Merkel’s Falling Star Outshone by Party Protégé, Poll Shows

December 31, 2018 Updated: December 31, 2018

BERLIN—Annegret Kramp-Karrenbauer, the new leader of Germany’s Christian Democrats, heads into 2019 more popular than Chancellor Angela Merkel, who supported her rise to the top of their party, an opinion poll showed on Dec. 30.

The survey by pollster Emnid for weekly newspaper Bild am Sonntag showed 45 percent of 507 voters surveyed wanted Kramp-Karrenbauer to play a leading role among Germany’s top politicians in the coming year, ahead of Merkel, at 40 percent.

Kramp-Karrenbauer, the continuity candidate favored by the party elite, won a tight victory over the more conservative Friedrich Merz in a run-off vote earlier this month to decide the new leader of the Christian Democratic Union (CDU).

The victory put her in the pole position to succeed Merkel as chancellor.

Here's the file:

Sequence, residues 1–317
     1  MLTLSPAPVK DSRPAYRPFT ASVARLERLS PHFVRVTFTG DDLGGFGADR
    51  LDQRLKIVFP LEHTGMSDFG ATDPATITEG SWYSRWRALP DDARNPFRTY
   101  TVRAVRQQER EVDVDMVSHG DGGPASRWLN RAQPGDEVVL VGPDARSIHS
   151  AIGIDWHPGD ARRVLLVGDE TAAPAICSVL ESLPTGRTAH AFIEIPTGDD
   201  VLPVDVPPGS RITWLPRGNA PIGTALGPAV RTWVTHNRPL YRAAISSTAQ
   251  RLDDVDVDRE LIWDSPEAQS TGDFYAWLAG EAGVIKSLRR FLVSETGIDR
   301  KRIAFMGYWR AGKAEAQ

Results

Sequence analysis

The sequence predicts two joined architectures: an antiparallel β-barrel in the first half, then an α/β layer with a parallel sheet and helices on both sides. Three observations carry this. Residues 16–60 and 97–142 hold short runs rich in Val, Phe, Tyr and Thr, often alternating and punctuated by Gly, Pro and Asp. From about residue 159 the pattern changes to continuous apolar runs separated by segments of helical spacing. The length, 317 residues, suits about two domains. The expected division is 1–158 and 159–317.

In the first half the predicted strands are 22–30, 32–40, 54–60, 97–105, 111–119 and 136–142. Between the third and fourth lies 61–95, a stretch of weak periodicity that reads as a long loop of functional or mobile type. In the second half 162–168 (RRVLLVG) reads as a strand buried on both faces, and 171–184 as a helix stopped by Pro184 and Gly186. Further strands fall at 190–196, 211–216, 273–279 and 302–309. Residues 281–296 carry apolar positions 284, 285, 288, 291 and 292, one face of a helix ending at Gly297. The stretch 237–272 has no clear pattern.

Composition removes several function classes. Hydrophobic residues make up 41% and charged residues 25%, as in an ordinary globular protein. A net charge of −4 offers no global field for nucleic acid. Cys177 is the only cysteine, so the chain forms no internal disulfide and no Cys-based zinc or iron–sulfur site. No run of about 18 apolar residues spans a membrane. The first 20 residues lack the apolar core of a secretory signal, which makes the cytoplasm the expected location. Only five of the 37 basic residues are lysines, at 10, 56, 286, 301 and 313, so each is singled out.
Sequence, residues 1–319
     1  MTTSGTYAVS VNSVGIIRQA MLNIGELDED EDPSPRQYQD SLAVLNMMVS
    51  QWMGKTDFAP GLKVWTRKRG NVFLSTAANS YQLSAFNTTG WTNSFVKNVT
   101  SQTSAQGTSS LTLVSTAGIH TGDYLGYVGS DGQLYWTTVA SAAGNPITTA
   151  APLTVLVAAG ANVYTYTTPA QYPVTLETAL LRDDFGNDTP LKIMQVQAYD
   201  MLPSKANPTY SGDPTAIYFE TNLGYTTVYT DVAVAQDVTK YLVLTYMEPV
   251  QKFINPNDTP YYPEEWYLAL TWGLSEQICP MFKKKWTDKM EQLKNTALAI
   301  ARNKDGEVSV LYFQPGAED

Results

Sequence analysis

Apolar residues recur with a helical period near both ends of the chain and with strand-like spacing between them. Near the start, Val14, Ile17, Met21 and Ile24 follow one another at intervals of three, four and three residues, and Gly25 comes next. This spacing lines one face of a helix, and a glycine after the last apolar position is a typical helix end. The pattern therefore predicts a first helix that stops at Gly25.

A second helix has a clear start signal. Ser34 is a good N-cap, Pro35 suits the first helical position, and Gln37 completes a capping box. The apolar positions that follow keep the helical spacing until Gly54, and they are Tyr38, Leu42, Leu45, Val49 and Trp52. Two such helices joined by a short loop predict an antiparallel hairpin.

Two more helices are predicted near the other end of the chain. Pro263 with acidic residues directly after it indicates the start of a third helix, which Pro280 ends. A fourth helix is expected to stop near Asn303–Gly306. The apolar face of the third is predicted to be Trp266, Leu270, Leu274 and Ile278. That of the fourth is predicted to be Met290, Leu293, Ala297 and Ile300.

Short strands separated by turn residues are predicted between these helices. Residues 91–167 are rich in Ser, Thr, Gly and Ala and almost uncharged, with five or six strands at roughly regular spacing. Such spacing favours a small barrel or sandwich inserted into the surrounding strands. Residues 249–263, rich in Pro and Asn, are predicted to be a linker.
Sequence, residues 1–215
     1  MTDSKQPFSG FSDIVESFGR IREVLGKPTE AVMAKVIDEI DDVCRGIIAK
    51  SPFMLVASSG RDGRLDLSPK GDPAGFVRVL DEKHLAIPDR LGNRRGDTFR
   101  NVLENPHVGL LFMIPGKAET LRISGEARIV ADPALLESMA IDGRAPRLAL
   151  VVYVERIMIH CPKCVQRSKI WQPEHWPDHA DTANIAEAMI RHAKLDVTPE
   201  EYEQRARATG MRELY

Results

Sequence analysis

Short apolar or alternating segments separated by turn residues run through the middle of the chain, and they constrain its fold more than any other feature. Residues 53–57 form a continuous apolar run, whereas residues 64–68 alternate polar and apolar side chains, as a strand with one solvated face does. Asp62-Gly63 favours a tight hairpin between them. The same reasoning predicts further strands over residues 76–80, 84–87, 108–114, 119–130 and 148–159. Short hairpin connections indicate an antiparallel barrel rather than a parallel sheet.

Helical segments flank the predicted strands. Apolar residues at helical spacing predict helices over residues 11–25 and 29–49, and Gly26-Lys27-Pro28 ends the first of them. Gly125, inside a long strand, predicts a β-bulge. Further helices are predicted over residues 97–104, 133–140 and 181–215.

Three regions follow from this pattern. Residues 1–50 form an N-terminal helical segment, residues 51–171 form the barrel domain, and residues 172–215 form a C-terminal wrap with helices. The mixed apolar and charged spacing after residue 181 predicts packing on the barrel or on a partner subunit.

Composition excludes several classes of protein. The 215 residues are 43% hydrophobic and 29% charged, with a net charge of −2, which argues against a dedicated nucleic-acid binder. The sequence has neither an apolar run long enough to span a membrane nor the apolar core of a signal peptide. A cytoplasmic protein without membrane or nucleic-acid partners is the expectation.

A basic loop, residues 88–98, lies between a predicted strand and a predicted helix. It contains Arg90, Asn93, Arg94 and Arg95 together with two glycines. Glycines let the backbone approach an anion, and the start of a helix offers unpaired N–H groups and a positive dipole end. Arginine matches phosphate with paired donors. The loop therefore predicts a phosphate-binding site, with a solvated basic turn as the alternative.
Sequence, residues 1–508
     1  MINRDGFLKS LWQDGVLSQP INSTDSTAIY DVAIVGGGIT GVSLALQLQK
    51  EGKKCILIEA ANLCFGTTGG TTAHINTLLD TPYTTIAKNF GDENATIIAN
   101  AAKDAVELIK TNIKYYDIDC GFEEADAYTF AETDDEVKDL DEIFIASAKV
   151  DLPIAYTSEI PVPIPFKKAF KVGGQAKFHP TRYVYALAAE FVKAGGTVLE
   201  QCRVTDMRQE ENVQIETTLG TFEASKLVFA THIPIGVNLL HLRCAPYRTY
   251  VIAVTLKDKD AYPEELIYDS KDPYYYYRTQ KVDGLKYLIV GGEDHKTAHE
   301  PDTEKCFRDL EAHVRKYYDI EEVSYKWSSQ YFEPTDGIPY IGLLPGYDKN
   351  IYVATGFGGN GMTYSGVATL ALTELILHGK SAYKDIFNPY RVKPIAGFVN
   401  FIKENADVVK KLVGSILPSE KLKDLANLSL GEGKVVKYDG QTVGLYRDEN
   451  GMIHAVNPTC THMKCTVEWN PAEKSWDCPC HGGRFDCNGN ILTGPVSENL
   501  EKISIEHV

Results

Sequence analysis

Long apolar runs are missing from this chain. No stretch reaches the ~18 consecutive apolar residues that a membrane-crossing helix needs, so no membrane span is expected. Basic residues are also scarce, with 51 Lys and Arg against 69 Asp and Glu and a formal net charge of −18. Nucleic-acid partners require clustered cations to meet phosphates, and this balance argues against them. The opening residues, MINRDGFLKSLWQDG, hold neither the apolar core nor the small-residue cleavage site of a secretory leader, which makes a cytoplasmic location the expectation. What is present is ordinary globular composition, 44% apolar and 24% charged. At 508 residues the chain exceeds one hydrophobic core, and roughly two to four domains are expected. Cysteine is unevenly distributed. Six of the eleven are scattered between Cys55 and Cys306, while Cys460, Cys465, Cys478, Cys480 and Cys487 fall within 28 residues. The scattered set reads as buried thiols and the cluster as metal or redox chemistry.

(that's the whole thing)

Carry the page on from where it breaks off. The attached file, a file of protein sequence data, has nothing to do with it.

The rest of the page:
The Emnid poll showed 33 percent of those surveyed want Merz to have as much of an effect as possible in 2019.

Merz, who returned from a decade in the political wilderness to seek the CDU leadership, has said he’s ready to get back into politics full time and could even serve as a minister.

His narrow loss to Kramp-Karrenbauer, Merkel’s protege, highlighted deep divisions in the CDU that the party is eager to heal ahead of four regional elections next year.

Merkel, Germany’s chancellor for the past 13 years, decided in October to step down as party leader after the CDU hemorrhaged support in another regional vote.

A separate survey, by pollster YouGov, showed 43 percent of those questioned want Merkel to remain chancellor until the end of this legislative period in 2021, as she would like, with 38 percent wanting her to go early and 18 percent undecided.

Merkel’s fate partly depends on her coalition partner, the center-left Social Democrats (SPD), whose leaders are under pressure to pull out of the government.

SPD leader Andrea Nahles said she was “bitterly disappointed” by the coalition, which formed in March, but that it had performed better in the last two months.

“In the new generation, we can concentrate on the essentials and do good work,” Nahles told newspaper Welt am Sonntag.

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